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Connellsville and South Connellsville

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Connellsville, PA History

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Articles
- One of our First Veterans
- Colonel William Crawford's Cabin
- A Town Begins
- Became a Booming Manufacturing Town
- John Woodruff, Connellsville's Olympic Champion
- Stewart's Crossing
- Zachariah Connell
- Streetcars in Connellsville
1956 Souvenir Program
- As Time Marches On - 1
- As Time Marches On - 2
- As Time Marches On - 3
- As Time Marches On - 4
- First White Settlers
- First City of Fayette County
- Monument Honors Pioneer Hero
- Zach Connell May Come Home
- Coke Became KING Here
- Generations To Come
- City Keeps Abreast Of Air Age
- For Comfort Of All
- Walking Tour

Article taken from the Sesquicentennial Souvenir Program published in 1956.

As Time Marches On

By Willard L. Lewis

From the time Columbus discovered America in 1492 until the Revolutionary War, this section of Pennsylvania was inhabited by Indians. The majority were members of the tribe known as Delawares. Two of the famous Indian trails, the Catawba, running from north to south, and the Nemacolin, from east to west, crossed here.

By the time of the Revolutionary War only about one thousand Indians remained in Pennsylvania, the remainder having moved westward to avoid, if possible, the advancing civilization.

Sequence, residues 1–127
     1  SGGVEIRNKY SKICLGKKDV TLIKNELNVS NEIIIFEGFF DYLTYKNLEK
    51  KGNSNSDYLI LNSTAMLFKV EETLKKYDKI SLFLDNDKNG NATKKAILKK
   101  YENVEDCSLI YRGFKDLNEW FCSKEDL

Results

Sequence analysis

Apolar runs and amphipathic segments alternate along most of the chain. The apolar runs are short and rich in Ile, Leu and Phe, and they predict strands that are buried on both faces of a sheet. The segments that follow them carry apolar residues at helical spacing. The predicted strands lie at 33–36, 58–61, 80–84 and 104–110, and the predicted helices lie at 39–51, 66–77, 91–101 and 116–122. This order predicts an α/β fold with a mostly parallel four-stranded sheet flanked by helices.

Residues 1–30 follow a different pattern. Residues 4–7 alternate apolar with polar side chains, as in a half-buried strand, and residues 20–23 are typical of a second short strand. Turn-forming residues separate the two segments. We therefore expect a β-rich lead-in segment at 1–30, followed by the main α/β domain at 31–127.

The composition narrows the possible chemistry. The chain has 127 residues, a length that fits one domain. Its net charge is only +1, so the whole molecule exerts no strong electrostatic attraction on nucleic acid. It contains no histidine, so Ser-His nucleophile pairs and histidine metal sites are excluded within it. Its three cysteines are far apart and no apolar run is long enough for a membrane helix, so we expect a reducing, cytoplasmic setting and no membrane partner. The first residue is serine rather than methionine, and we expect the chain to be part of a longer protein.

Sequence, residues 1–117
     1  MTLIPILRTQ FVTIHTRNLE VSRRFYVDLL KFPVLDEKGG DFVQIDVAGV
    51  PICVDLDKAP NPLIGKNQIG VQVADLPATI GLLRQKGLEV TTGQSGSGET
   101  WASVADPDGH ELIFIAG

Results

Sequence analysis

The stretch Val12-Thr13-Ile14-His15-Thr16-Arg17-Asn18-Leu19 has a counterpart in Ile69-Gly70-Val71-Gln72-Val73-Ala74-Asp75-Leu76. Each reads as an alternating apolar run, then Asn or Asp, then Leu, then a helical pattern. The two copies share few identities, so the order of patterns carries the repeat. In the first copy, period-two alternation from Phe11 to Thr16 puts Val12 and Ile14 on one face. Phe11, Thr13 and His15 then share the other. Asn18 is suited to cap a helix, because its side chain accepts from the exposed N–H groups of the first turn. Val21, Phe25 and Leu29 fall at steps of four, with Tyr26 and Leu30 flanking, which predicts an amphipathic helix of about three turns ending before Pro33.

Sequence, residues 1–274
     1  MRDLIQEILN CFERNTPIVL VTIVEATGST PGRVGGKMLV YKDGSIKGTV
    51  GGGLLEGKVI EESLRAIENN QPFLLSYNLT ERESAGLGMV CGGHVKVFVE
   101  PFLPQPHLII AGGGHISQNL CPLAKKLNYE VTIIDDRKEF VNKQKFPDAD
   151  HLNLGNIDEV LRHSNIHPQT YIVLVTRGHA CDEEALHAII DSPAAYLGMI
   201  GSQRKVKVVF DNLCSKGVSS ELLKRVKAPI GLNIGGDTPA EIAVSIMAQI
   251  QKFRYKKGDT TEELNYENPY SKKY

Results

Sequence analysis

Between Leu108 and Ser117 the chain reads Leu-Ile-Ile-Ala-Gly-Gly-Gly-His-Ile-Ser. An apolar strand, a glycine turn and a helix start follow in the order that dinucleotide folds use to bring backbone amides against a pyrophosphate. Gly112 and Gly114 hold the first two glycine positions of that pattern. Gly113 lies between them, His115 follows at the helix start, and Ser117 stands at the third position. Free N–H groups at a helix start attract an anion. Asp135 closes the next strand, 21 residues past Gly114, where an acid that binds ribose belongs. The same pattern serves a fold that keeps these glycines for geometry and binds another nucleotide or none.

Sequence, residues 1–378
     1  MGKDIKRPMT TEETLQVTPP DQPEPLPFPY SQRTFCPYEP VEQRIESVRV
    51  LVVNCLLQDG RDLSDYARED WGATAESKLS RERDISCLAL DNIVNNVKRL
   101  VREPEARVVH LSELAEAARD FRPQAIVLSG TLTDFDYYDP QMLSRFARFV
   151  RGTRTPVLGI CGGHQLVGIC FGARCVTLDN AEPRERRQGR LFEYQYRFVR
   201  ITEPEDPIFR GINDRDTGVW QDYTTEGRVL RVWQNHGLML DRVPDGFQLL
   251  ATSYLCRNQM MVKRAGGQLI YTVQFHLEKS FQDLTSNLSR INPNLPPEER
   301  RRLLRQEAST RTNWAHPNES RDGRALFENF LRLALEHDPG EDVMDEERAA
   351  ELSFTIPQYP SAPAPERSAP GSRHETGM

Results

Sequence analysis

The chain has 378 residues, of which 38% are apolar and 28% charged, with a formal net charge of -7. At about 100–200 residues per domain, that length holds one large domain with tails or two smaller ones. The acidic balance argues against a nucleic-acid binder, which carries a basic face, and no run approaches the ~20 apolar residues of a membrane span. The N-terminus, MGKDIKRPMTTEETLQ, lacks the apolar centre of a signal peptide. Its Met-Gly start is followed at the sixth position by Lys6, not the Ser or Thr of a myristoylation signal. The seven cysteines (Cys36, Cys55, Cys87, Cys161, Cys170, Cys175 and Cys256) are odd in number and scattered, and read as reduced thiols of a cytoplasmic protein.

The first time this section of the country came into national prominence was in connection with the French and Indian War. Both the French and English claimed this land; the French through explorations of LaSalle and the English through explorations of the Cabots and Raleigh and through treaties made with the Indians.

The English governor of Virginia, Dinwiddie, sent young George Washington with a message to the French headquarters at Fort LeBoeuf (near Erie) warning them to stop building forts on the Allegheny River. On this trip, Washington, accompanied by Christopher Gist, an agent for the Ohio Land Company who lived near the site of present day Connellsville Airport, crossed the river here and again the following year when he was with General Braddock enroute to defeat as they attempted to capture Fort Duquesne from the French.

Connellsville and this area again came into national prominence as a result of the Whiskey Rebellion in 1794. A tax on whiskey, levied by Congress, was a severe blow to the farmers. Bad transportation facilities made it impossible to get their grain to market as such, but by making it into whiskey it could be transported east. One of the tax collectors had his home on the banks of the Youghiogheny, nearly opposite today's Baltimore & Ohio Railroad station. That revenue officer was driven out, returned, driven out again. His home was burned and his papers destroyed.

From 1806 to 1956, 150 years full of thrills, adventure, good times, bad times, peace and war. In all that century and a half Connellsville and its environs have taken a prominent part in the advancement of the nation. Dividing that 150 years into three 50-year periods, and associating it with national history, some of the following facts come to light:

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